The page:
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Securities and Exchange Commission v. Vesco

UNITED STATES COURT OF APPEALS FOR THE SECOND CIRCUIT


decided: February 27, 1978.

SECURITIES AND EXCHANGE COMMISSION, PLAINTIFF,
v.
ROBERT L. VESCO, ET AL., DEFENDANTS, WADE S. MALHAS, IRVING HOROWITZ, MARTIN JACOBY, CHARLES BIRBARA, CORNELIUS A. HUBNER, MURRAY DRYER, PHIL BIRBARA, N.E. BURGESS AND WILLIAM ZEIDMAN, INTERVENOR-APPELLANTS

Appeal from an order of the United States District Court for the Southern District of New York, Stewart, J., approving a plan for the election of directors for International Controls Corp., which plan permits individuals who served as court-appointed directors to stand for election by the shareholders. Affirmed.

Feinberg, Mansfield and Van Graafeiland, Circuit Judges.

Author: Van Graafeiland

VAN GRAAFEILAND, Circuit Judge:

On November 27, 1972, the Securities and Exchange Commission instituted an action to enjoin International Controls Corporation and a number of individual and corporate defendants from violating certain provisions of the Securities Exchange Act of 1934, including Section 10(b), 15 U.S.C. § 78j(b), and Section 13, 15 U.S.C. § 78m. On March 16, 1973, International consented to the entry against it of a final judgment permanently enjoining such violations. The judgment also provided that the court would appoint an "interim independent board of directors" for International with "full power under applicable corporate law" to conduct its affairs, in conjunction with a Special Counsel and subject to the terms and conditions of the judgment. The court appointed a five-member board, four members of which are still in office, the fifth having died in January, 1976, and no replacement having been made.

The time has now come to return control of the corporation to an elected board, and the district court has appointed a Special Master to supervise the transition. At issue on this appeal is the recommendation of the Special Master, adopted by the district court, which permits the court-appointed directors, if otherwise qualified, to stand for election to the ten-man board provided for in the amended company bylaws. Appellants, intervening stockholders, urge this Court to adopt a general rule prohibiting court-appointed directors from seeking election as directors or serving as officers of the corporation they have managed as court appointees. The Commission suggests, on the other hand, that no such general rule should be adopted but that each case should be determined on its own particular facts.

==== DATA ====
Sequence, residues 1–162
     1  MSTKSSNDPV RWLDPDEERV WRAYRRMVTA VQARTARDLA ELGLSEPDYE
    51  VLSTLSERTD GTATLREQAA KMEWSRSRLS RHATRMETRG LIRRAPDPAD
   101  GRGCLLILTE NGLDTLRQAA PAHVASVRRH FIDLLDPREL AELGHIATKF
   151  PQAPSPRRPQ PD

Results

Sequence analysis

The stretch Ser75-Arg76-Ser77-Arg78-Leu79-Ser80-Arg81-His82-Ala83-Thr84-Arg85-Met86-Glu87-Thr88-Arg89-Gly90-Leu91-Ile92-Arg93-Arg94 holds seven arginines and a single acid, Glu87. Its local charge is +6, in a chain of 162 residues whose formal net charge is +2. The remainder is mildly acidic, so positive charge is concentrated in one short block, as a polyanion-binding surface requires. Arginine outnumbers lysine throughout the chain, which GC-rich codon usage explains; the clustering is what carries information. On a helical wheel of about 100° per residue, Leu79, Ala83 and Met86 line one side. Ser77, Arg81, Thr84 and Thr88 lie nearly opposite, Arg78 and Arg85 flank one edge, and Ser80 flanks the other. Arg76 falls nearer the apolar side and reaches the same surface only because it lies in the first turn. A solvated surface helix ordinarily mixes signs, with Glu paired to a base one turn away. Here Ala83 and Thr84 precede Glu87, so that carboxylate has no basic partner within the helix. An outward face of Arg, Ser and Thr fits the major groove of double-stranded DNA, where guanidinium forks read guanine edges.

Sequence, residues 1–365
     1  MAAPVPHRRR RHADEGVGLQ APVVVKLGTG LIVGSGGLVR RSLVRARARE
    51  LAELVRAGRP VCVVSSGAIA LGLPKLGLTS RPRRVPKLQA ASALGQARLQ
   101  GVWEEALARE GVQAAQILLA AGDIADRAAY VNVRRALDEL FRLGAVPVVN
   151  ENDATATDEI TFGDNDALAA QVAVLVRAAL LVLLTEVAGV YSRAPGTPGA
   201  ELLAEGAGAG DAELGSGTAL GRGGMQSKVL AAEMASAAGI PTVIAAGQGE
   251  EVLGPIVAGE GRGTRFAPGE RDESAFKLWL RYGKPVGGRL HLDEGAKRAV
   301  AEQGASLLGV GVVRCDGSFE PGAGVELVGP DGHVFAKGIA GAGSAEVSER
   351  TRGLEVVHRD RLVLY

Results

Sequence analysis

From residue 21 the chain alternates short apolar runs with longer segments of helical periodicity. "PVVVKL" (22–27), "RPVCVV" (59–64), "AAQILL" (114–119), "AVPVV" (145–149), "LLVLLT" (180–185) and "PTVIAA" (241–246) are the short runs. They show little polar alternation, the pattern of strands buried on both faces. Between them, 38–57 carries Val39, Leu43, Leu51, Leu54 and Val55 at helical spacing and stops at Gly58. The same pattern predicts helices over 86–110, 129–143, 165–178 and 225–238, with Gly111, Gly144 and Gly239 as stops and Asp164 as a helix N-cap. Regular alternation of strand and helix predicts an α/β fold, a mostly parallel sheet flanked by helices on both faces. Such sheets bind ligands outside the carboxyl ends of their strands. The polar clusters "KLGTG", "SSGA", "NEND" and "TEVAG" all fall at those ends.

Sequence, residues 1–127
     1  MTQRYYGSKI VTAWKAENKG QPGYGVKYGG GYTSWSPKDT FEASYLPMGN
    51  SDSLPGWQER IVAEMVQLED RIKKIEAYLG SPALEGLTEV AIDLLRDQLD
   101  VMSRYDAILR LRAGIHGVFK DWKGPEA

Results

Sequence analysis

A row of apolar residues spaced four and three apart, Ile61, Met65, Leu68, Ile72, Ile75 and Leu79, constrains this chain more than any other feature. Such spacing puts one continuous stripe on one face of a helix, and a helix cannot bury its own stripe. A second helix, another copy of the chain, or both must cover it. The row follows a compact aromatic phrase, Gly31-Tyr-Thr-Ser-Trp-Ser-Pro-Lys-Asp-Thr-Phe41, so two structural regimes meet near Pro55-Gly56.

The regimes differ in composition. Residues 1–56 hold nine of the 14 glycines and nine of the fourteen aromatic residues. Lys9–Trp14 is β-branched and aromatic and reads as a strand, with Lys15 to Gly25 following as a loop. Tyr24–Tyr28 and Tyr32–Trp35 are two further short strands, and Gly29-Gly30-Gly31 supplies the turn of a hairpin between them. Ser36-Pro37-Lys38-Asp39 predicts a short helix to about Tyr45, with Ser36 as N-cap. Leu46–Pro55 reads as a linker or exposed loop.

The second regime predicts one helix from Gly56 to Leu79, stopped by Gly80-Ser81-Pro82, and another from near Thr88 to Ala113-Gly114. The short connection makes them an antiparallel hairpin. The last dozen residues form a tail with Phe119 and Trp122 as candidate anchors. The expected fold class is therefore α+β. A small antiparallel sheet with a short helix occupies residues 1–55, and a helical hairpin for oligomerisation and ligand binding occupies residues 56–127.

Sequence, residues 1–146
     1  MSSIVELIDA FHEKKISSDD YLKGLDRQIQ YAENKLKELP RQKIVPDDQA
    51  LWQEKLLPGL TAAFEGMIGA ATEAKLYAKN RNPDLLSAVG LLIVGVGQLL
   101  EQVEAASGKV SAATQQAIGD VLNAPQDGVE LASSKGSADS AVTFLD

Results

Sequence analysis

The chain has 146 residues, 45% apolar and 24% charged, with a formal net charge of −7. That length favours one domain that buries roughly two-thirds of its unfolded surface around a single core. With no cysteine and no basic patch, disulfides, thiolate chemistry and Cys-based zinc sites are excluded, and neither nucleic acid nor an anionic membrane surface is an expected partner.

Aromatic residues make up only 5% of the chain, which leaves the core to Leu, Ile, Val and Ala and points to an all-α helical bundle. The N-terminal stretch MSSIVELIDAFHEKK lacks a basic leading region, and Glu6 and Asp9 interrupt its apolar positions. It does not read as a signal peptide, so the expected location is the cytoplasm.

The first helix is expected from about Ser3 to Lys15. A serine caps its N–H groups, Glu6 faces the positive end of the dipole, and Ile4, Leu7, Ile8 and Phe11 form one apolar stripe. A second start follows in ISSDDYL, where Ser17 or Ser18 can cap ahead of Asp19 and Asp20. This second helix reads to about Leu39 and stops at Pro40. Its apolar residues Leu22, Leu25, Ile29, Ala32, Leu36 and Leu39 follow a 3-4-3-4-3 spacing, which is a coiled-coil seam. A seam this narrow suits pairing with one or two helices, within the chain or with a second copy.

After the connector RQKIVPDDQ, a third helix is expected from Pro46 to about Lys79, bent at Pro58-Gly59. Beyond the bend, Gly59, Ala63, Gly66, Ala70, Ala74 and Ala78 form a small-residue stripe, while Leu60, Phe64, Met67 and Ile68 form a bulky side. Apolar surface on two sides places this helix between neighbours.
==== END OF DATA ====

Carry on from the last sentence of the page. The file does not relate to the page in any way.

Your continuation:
The Commission points out that there is no evidence in the record before us of any wrongdoing on the part of the court-appointed directors and that, during their tenure in office, the financial status of the corporation has improved markedly. Moreover, all of the candidates for election to the new board must pass strict standards of eligibility which have been prescribed by the Special Master, and they are precluded from expending corporate funds in soliciting proxies or votes. Under these circumstances, says the Commission, the court below properly exercised its discretion in giving International's shareholders the opportunity to determine for themselves whether they wish to continue all or some of these directors in office. We agree with the Commission that the general rule urged by appellants should not be adopted. We agree, also, that the district court did not err in adopting the challenged recommendation of the Special Master in this case.

Appellants contend that the position taken by the Commission is inconsistent with the one it took in Protective Committee For Independent Stockholders of TMT Trailer Ferry, Inc. v. Anderson, 390 U.S. 414, 20 L. Ed. 2d 1, 88 S. Ct. 1157 (1968). There, the Commission argued that the trustee in a Chapter X reorganization should be precluded from acting as president of the reorganized company.*fn1 The Commission's response to appellants' contention is that a trustee in reorganization, required to be disinterested, 11 U.S.C. § 556, should not be placed in a position where he might be improperly influenced by the company's major creditors or outside sponsors of a plan who would be likely to control the reorganized company. There would be no similar conflict between the actions of the court-appointed directors during their tenure in office and their subsequent election by the corporate shareholders. Indeed, the strongest plank in their campaign platform would be their demonstrated devotion to the interests of the corporation.

Experienced management is a valuable corporate asset. "The right to vote for directors, therefore, is the right to protect property from loss and make it effective in earning dividends." Lord v. Equitable Life Assurance Society, 194 N.Y. 212, 228, 87 N.E. 443 (1909). In the absence of a compelling reason, a court should not preclude shareholders from the full exercise of this right. Where experienced directors are court-appointed, the court should decide on the facts of the particular case whether a sound reason exists for denying them elected office. Finding none, it may permit the election to go forward under appropriate guidelines and supervision. That is what the district court did in this case.

We affirm.


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